Josna Rege

16. Tree Elf

In 1960s, Childhood, India, Stories on March 10, 2010 at 11:59 pm
Hijli campus, Kharagpur (photo: Robin Mitra)

Hijli campus, Kharagpur (photo: Robin Mitra)

As a ten year-old child I used to pretend that although I had somehow come to live with my family, they were completely unaware that they were not in fact my biological parents. In my imagination, I was not a human being but a tree elf, a different species altogether. As such, although I played along with the human rules, sleeping in a bed, sitting at the dinner table, even going to school, trees were my natural habitat, and it was only in and among them that I was truly happy.

Being a tree elf had its own rules, of course. One had to spend as many as possible of one’s waking hours in a tree, and one had to strive to improve one’s tree-climbing skills. Among tree elves, maturation and adulthood were measured by these skills, of being able to climb progressively harder trees, until eventually one would reach the pinnacle of achievement, successfully scaling a tall, upright trunk with absolutely no side branches.

Beside me and my best friend Puttu, I don’t remember whether there were other members of our secret fraternity. I think Sally may have been a junior tree elf, with Puttu and me being in the next grade up. In any case, we spent much of our free time in the mango trees that grew along the northern wall of our house, just outside the courtyard and overlooking the vegetable garden. Like most Indian roofs, ours was a flat, low-walled terrace with an ledge running all round it, from which we could easily clamber back and forth between the trees, the roof, and the courtyard wall.

One particular move gave me a special rush of accomplishment. I would climb over the terrace wall onto the outer ledge and down onto a horizontal branch of the mango tree. Balancing there, I  looked up to another horizontal branch a foot or so in front of me and across to a lower one about three feet away. Springing up and out, I would grab onto the branch above me, and swing  over to the one below in one smooth movement. For a split second I was free-flying, 100% tree elf.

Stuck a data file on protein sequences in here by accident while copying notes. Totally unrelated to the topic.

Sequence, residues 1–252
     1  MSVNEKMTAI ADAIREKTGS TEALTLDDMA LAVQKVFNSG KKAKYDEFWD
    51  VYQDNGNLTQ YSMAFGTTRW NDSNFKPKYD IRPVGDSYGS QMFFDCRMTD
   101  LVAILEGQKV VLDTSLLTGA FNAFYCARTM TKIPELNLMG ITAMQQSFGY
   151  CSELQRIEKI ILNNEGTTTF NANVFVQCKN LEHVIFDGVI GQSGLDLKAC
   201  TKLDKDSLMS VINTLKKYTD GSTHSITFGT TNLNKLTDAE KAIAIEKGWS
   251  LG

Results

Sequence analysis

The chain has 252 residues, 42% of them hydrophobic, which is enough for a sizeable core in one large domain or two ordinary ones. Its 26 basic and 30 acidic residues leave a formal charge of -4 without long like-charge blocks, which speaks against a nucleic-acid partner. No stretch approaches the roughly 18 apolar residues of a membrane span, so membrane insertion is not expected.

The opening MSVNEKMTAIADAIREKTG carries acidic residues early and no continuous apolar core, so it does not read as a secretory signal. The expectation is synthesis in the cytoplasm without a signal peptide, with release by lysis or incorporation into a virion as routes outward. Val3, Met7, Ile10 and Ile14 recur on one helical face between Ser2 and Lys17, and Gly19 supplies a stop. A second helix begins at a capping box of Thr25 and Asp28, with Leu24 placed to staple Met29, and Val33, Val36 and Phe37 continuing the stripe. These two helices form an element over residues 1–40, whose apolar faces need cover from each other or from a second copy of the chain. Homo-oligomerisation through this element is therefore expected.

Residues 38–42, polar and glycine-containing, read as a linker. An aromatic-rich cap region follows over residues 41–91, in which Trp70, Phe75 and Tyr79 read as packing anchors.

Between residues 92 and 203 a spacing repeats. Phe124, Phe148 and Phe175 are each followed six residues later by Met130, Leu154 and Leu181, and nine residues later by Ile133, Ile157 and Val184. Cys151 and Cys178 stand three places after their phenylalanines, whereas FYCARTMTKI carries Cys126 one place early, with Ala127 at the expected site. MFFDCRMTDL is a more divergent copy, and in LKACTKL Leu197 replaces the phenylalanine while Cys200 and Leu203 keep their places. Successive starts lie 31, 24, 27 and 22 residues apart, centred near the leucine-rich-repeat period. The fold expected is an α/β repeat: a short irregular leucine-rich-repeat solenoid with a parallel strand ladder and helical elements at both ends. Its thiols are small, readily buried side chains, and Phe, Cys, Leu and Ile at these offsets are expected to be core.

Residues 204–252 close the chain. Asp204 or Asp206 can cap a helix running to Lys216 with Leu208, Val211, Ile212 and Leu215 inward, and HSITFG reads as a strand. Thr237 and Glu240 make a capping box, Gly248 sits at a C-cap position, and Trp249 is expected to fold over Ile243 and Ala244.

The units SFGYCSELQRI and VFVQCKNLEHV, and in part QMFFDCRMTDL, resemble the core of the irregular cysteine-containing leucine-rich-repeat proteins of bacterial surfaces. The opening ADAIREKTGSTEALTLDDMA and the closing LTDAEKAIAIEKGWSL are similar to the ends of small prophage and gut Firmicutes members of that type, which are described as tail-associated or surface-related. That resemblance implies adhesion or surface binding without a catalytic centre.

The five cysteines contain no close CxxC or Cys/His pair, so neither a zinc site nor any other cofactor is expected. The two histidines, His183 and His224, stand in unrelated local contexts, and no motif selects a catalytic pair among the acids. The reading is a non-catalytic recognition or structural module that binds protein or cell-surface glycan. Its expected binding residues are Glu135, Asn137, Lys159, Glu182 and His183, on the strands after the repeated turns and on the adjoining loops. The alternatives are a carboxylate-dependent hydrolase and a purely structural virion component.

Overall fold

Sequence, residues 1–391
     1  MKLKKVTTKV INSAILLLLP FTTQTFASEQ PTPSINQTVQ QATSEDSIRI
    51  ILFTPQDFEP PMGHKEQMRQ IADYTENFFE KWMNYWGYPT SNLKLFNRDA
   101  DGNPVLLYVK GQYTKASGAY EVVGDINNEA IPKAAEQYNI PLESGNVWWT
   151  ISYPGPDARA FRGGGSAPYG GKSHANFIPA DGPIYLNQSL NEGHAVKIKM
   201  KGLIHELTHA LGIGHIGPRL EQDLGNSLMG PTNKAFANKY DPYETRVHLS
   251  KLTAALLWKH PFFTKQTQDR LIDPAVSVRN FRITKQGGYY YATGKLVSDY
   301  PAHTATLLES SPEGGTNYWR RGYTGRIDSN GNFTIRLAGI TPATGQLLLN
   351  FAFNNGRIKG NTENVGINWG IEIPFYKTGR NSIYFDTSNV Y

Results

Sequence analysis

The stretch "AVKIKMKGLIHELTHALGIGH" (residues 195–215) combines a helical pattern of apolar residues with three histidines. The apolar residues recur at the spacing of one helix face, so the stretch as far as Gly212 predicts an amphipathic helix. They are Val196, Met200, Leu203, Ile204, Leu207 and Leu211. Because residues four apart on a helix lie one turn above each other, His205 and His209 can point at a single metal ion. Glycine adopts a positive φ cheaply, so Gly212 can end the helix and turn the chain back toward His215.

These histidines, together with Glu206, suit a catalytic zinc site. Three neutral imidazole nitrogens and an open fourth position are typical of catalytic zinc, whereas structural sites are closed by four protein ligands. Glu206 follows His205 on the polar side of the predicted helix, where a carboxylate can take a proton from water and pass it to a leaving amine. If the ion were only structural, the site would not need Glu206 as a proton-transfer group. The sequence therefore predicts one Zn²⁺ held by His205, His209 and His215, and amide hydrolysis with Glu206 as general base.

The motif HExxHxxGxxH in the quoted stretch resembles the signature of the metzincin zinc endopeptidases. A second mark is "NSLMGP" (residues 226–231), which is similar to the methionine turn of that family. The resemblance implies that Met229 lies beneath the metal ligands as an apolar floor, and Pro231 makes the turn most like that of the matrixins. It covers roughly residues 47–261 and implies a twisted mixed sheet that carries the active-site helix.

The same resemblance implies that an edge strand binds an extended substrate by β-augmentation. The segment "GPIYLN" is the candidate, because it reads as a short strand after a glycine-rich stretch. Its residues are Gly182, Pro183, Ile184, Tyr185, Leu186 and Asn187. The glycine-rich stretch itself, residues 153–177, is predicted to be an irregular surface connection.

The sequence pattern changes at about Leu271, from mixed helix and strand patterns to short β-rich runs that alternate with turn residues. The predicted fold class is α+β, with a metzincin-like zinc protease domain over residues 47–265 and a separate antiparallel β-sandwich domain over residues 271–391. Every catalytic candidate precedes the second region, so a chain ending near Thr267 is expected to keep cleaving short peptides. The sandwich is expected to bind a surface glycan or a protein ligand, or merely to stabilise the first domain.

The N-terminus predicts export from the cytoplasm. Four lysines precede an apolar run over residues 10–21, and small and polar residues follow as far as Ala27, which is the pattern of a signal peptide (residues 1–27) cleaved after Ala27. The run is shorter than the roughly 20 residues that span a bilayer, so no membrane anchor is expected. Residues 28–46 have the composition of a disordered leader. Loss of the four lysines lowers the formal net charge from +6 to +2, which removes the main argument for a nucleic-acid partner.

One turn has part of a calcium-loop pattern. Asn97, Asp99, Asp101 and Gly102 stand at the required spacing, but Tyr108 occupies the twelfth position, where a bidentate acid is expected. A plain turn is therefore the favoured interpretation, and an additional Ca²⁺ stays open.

This era came to an end abruptly. One day I positioned myself on my branch, ready to take the leap as usual. But on this day the thought suddenly occurred to me, What if I missed the branch above me and fell? And suddenly I found that I simply could not make myself perform a feat that I had carried out successfully and without a second thought hundreds of times before.  I did not do it that day, and I never did it again.

I continued to play in the trees after that, but could no longer kid myself that I was a bona fide tree elf. Without that daring leap, everything else I did was rather tame. In any case, Puttu was not coming to play as often, and I was headed for boarding school, where my tree-elf identity would have to go into a long hibernation.

Tell Me Another (Contents to Date)

Chronological Table of Contents

  1. aww… 🙂 I guess they taught you the meaning of Fear in school the day before this happened.. 🙂

    • Whatever happened, Mayuri, I just started thinking too much! School was a relatively unimportant part of my life at that age, or at least, I remember very little about anything I learned at school during that time–playing and reading were everything to me. (Thankfully it did get more interesting later on.) Hope school continues to be fun for you–and that you’re still dancing your way into Spring. xx J

  2. In our sophomore year in college, some friends and I endeavored to make a list of the specific moments in which we realized we had left our childhoods. My offering was far less poetic than yours. It was the moment in which I realized that I had absently consumed a little box of animal crackers without having studied or noted even one of the animal shapes.

    • That is so touching, Mary. We can make the present so transcendent as children, taking pleasure in every little detail and making the most of it in our imaginations. There are so many ordinary, precious, moments when we are exalted.

  3. Well-put, Josna.
    And I forgot to say that I can totally picture your tree-elf child-self!

  4. What a perfect way to describe you, Josna, elfin! A sort of creative sprite spinning fantasies and conjuring dreams – half Titania, half Puckish. The sylvan environment becomes you well. I wonder if you too, wanted to put a girdle around the world as I did, and ensnare parents in that circle, when you’d been told it was too dark to play outside in your personal sherwood forest?
    I remember my huge banyan tree mastar moshai or August Teacher, in the front lawn of the Jorhat Bungalow in Assam when I was exactly five. I remember acorn tea cups and crackling delicate saal leaf saucers, and ordering my incredibly patient and willing grandfather to crouch below the cathedral arch of the branches on the leaf littered classroom floor, as the teacher wouldn’t teach till he did so. My standards for tree flying were less exacting than yours….I allowed him to use my rope ladder that the maali had strung together for a light-weight five year old. I wish you’d been resident elf in that tree! 🙂

    • Sounds like your own personal Shantiniketan, Urmi, as you learned and played in the open air under the shelter of mastar moshai’s “cathedral arch,” with your loving grandfather as your playmate. Thank you for sharing this beautiful memory.

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